Asia: fuelling a green revolution
The recent COP26, United Nations climate summit in Glasgow unfolded with two weeks of power politics razzmatazz and a torrent of statistics and announcements, much of it confusing and contradictory.
But from that, three strands seem to be evolving.
The climate industry urgently needs to produce agreed standards with clear messaging, so that the wider public understands its language.
The private sector is beginning to forge ahead in establishing a cleaner planet.
Asia is taking the lead in long term solutions.
First, standards and messaging.
While Chinese president, Xi Jinping, was lambasted in the Western media for staying away from the summit, his climate envoy, Xie Zhenua, worked long hours with his American counterpart John Kerry in a makeshift office on the conference site. They succeeded in announcing an agreement which gave an unexpected lift to summit gloom.
As has so often be devilled this crisis, there was little meeting of minds among experts as to what the Sino-US pledge would actually achieve.
Yet, to the rest of us outside the climate industry, the message was clear and positive. These two antagonistic superpowers, swirling in hostile rhetoric against each other, were stepping up to show leadership to take on the gravest challenge facing the world.
Poorer nations, such a Bangladesh, also made a point of precise messaging free from foggy jargon.
Prime Minister Sheikh Hasina currently chairs the Climate Vulnerable Forum with 48 developing countries, 19 of which are in Asia.
The CVF comprises 15 per cent of the world’s population but is responsible for only five per cent of global emissions, underpinning a truth that those worst impacted by climate change are the ones least responsible for causing it.
According to Sheikh Hasina, Bangladesh has a per capita emission of 0.3 tons compared to an average of 20 tons per person in developed nations.
This is a no-nonsense sharp comparison and it raises a critical question: why can we find a country’s gross national product per capita in seconds through an Internet search, yet it is near-impossible to find its carbon emission per capita without wading through research papers which often disagree with each other and use different methods of calculation?
Climate is a multi-billion-dollar industry with a myriad of vested interests. Yet, in too many areas, there is no agreed standard, making it difficult to measures pledges and hold governments, companies and institutions to account.
For example, China is often cited as the worst polluter and blamed for up to 30 per cent of emissions. The US, at first glance, comes far behind with 11 per cent. Except the American population is around a quarter that of China’s. Per capita, therefore, Americans would be the higher polluters.
Second, private sector solutions.
There is now an acceptance throughout much of the developing world that Western democracies that mostly caused carbon pollution will not deliver all that is needed to fix the problem.
As India’s environment minister Bhupendra Yadav argued, ‘rich countries have an obligation, responsibility, duty and a vow’ to provide climate finance to developing nations…if there is any gap that remains it is in the action for climate finance’. He pointed out that the promise of $100 billion a year lies unfulfilled.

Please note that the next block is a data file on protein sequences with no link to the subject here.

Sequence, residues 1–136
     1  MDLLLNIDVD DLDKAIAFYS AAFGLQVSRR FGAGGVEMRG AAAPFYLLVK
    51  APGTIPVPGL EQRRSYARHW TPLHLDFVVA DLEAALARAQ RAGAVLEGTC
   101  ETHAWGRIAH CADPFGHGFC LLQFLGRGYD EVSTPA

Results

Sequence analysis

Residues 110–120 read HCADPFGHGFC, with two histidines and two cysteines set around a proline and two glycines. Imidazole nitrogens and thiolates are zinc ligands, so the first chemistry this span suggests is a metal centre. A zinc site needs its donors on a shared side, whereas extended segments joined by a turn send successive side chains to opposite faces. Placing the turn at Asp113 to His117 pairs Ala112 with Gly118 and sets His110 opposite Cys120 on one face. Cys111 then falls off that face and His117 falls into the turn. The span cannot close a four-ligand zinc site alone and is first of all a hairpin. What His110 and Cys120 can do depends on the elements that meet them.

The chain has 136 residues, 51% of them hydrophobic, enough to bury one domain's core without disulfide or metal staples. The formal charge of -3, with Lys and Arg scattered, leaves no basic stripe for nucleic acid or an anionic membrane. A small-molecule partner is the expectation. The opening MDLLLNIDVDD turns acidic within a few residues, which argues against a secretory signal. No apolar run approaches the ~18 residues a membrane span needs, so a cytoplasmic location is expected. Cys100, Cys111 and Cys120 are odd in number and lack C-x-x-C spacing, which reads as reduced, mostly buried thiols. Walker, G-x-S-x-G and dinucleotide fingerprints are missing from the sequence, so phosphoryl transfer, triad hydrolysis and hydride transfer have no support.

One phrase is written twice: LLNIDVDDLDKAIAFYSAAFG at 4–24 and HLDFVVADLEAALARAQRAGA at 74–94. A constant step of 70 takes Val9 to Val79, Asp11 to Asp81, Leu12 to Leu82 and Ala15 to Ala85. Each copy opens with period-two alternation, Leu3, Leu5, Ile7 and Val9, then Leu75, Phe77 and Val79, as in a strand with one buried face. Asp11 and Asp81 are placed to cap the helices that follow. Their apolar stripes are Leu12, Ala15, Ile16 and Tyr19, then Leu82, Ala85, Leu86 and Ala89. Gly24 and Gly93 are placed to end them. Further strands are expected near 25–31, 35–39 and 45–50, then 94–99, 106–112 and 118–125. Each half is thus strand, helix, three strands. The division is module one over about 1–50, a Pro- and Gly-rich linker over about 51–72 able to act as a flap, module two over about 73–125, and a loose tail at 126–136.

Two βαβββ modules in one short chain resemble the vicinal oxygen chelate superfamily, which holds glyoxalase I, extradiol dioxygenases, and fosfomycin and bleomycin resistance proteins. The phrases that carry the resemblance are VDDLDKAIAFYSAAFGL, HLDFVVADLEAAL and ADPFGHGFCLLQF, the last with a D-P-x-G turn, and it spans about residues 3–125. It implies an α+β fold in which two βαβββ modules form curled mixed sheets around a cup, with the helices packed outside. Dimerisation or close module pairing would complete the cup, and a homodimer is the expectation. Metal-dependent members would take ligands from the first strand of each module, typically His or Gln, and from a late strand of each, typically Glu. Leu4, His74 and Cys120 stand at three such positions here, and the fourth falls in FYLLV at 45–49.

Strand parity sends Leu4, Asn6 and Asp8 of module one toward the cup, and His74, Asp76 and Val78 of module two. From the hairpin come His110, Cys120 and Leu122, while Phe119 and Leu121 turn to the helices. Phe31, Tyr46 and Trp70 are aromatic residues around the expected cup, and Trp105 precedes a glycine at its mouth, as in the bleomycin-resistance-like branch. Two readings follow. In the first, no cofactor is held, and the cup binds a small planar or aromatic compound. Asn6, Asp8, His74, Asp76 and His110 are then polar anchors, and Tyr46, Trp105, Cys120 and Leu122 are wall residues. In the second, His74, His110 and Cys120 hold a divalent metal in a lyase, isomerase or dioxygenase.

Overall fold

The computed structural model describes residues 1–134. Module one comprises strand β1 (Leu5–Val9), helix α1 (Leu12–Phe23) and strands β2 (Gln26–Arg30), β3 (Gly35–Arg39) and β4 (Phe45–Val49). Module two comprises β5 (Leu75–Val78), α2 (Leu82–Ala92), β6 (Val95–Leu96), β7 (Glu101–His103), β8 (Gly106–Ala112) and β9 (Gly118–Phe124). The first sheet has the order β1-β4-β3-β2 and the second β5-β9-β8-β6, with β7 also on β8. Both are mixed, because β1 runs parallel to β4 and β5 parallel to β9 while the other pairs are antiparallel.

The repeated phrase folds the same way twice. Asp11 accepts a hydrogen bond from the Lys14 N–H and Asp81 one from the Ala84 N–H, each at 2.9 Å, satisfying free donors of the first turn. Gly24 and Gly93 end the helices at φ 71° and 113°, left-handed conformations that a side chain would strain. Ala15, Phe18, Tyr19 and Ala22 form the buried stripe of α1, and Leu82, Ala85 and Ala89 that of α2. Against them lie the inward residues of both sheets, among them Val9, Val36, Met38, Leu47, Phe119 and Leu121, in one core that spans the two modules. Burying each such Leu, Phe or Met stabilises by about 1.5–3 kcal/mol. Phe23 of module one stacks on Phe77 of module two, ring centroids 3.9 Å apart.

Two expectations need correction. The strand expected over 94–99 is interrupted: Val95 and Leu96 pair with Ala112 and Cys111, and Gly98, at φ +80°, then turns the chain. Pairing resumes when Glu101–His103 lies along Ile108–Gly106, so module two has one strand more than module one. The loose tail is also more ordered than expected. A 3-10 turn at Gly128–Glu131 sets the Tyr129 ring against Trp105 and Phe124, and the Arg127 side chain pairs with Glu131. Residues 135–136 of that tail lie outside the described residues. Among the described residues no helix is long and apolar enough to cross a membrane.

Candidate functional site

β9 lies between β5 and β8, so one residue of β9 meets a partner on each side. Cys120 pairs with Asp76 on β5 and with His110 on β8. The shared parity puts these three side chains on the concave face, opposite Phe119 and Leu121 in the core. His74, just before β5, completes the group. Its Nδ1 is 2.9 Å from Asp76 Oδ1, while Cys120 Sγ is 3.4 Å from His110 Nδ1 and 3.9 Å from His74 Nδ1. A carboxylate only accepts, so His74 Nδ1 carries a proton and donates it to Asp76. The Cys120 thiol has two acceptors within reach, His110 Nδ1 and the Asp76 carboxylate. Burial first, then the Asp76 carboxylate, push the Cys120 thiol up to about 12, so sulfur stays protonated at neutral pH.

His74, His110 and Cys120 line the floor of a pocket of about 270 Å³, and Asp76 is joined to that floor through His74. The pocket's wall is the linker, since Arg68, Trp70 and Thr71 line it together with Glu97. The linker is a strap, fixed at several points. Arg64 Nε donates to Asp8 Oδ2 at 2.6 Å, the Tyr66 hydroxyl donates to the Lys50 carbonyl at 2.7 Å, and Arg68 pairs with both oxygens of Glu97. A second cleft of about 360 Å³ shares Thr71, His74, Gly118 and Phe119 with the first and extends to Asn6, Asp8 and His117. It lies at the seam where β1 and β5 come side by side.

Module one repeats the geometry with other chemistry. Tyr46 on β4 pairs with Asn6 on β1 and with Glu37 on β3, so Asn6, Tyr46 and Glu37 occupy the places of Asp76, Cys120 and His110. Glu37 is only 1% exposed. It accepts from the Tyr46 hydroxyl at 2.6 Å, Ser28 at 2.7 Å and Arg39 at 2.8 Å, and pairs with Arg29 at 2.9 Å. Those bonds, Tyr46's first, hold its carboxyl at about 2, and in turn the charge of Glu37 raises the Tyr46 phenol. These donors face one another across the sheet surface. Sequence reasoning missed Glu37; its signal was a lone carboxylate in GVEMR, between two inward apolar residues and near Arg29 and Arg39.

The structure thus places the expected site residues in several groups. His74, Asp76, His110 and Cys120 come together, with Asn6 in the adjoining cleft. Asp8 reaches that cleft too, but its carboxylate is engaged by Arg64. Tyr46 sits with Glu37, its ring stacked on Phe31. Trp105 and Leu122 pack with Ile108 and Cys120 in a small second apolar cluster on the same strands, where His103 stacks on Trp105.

With continuing friction between the developed and developing world, there has come a shift away from solutions through governments and aid to one of commercial entrepreneurism and individual initiative. Money is flowing into climate change technology.
‘The success of COP26 is in the strength of the market signals that fossil fuels are over,’ says Peter McKillop.CEO of Climate and Capital Media. ‘No and low carbon is where the world is going and that message was undeniably strong,’
Poorer nations like Bangladesh plan to exploit this trend by attracting inward investment to their green technology sectors, using climate change as a catalyst to cut their own emissions, set up factories for export and create jobs and wealth.
It is estimated that over the next 30 years, one in seven Bangladeshis will be displaced by climate change and, rather than relying too much on international pledges, the country plans to fix what it can itself.
The third strand is how Asia is taking a global lead.
Asia’s economic giants, China, Japan and South Korea, are already leading the way in sustainable and green technology. As of now, two-thirds of the renewable power is being built in Asia and half of that in China.
As manufacturing increases, factories will be set up in other Asian countries taking advantage of the green technology boom.
China’s 1 + N climate plan, little reported in the Western media, is a precise document with specific goals such as using non-fossil fuel for eight per cent of its energy by 2060.
‘Being China, it will set itself on track to achieve this,’ says McKillop. ‘There is no point in being the number one superpower if the world around you is flooded and burning down.’
Asian nations are bracing themselves for destruction wrought by decades of global warming. They need to now pick up the initiative and use the remedies to build new manufacturing sectors, boost their economies and raise standards of living.